Valves are essentially devices installed on a pipeline to control or isolate the flow. They can be kept in fully shut, open or partially open mode. In plumbing systems, the valves that are commonly used are Ball, Check, Butterfly and Pressure Reducing Valves.
We at Lehry Valves have taken the first huge leap in setting up India’s first Manufacturing facility for the production of non-ferrous and lead-free valves following various national and international standards. The 2 main hubs for the production of forged brass valves are Italy and China, but our idea was to break this chain and set up a facility in our very own Country, taking advantage of the various schemes put forth by the Government of India and also the availability of many Class-A raw material suppliers at an arm’s length disposal.
Lehry Valves, founded in the year 1950 has been part of the industry for more than 7 decades with rich experience in manufacturing ferrous and non-ferrous mechanical & automated valves. Lehry also provides automation solutions for water conservation such as smart wireless water management systems and Overhead tank & pump controlling systems that have aided in saving water in the range of 15%-30% compared with pre-automated water consumption patterns.
Lehry Valves mainly caters to residential, commercial and hospitality projects with another arm catering to various Industries such as Pharmaceutical, aerospace, food, automotive etc. We boast a large clientele consisting of India’s most renowned builders, and large EPC contractors and our main business are in the OEM market – manufacturing products that in turn compliments the performance and working of larger equipment like Pumps, cement mixers, W&STP systems etc.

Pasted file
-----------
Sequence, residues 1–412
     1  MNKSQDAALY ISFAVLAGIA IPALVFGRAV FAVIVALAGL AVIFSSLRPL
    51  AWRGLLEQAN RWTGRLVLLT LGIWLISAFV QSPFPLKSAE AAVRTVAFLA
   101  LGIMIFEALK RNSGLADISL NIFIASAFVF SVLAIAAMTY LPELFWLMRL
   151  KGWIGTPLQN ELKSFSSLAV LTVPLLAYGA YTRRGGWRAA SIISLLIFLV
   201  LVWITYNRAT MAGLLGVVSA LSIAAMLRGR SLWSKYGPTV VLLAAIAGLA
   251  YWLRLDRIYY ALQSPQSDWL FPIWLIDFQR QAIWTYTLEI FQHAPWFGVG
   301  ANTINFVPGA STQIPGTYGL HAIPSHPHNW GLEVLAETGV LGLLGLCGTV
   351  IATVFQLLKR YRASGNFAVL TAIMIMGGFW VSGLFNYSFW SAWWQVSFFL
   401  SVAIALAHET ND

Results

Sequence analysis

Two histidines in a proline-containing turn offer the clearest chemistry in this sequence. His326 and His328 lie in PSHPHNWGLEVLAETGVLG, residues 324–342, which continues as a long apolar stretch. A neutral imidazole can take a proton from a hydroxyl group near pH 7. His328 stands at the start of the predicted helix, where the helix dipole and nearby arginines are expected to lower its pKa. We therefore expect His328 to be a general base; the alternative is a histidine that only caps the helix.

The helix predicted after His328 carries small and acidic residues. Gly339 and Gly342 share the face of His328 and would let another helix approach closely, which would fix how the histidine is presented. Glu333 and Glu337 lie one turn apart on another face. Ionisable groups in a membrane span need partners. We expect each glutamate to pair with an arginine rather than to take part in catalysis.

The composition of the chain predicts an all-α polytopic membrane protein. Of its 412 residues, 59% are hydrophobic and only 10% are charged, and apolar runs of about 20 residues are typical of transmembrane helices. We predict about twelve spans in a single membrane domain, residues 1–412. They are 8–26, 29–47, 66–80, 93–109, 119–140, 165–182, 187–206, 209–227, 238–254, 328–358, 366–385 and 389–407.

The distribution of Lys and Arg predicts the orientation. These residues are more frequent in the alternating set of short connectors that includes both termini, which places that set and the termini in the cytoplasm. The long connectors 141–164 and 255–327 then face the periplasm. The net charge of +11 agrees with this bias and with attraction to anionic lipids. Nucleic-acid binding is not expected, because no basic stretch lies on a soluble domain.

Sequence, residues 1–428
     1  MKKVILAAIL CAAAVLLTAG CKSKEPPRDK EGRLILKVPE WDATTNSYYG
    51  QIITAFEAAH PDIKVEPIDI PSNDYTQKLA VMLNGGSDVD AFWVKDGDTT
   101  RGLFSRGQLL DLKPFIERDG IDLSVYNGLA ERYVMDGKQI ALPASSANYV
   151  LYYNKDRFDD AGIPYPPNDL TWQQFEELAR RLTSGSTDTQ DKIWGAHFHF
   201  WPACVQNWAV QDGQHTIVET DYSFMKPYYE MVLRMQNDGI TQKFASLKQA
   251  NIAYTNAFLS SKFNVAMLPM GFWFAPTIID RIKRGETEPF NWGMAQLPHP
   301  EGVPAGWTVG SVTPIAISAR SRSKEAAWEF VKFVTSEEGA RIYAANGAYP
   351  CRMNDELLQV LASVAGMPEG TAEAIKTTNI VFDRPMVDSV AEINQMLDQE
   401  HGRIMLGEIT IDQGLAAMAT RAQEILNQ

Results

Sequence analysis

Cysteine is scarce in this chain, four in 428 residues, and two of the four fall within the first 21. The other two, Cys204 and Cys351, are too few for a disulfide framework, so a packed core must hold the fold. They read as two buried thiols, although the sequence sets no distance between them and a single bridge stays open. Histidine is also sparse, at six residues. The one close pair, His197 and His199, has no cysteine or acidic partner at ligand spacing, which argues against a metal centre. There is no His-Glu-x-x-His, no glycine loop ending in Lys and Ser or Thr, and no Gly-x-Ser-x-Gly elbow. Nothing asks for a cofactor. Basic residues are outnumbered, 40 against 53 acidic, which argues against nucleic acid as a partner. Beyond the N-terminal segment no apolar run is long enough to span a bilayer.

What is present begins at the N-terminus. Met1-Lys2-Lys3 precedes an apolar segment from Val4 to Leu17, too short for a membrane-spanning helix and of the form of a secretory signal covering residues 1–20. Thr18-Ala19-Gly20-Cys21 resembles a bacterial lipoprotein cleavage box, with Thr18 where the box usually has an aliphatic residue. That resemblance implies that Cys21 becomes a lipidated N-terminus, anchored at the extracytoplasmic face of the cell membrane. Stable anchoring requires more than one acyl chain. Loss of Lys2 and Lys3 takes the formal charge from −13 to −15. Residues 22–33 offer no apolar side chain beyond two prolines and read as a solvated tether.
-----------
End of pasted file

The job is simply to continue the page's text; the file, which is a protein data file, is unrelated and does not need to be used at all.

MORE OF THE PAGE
Built on 160,000 sq. ft of land, this manufacturing facility produces lead-free and non-ferrous products that adhere to national and international standards and certifications.
The manufacturing unit is extremely energy efficient and utilizes solar energy currently capped at 30% of its power dependency. The machines and product designs are to produce the brass ball valves and as the very first will bear an ISI marking. The facility is fully automated and initially will operate at an estimated error rate (number of flawed end products produced) of less than 7% of overall production. With the addition of increased automation, this percentile will consistently decrease until we reach an industry-best benchmark of less than a 1% failure rate.
The facility incorporates 2 state-of-the-art forging machines (one horizontal and one vertical) that have the combined capacity to produce 8000 valves in just one shift, currently surpassing demand. Due to the large production capabilities, we are looking at an export market that will cover a predicted 30% of overall production and will earn considerable foreign exchange.
In the field of plumbing, we have numerous standards that guide us on valve and material selection. However, we miss out on two major parameters:
Let us begin with point one. In India, we mostly follow CW 617 N / IS-6912 FLB standard for brass alloy used for ball valves for plumbing. This is a standard that sets limits on the percentage of the different metals used in the brass alloy. Lead is used in brass alloys meant for forging as the lead makes the alloy ductile enough for forging. The Standard states that the amount of lead (Pb) is not to be more than 2.5% and Copper (Cu) not more than 60% etc. This again is “limited” to the alloy used for the valve’s body that comes in contact with water. Other components use alloys other than CW 617N. However, if not carefully selected, the lead content could be higher which would lead to many health effects – and this is primarily done only to bring down material cost (by increasing lead content, copper content can be brought down, thereby directly affecting cost).